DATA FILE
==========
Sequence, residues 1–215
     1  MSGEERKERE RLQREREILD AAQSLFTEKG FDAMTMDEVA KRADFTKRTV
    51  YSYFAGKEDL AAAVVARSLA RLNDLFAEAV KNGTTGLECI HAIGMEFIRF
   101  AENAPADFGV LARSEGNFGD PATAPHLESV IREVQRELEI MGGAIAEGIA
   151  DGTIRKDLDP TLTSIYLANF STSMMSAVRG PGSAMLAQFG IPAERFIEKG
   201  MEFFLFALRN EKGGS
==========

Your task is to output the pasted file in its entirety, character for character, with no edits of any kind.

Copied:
Sequence, residues 1–215
     1  MSGEERKERE RLQREREILD AAQSLFTEKG FDAMTMDEVA KRADFTKRTV
    51  YSYFAGKEDL AAAVVARSLA RLNDLFAEAV KNGTTGLECI HAIGMEFIRF
   101  AENAPADFGV LARSEGNFGD PATAPHLESV IREVQRELEI MGGAIAEGIA
   151  DGTIRKDLDP TLTSIYLANF STSMMSAVRG PGSAMLAQFG IPAERFIEKG
   201  MEFFLFALRN EKGGS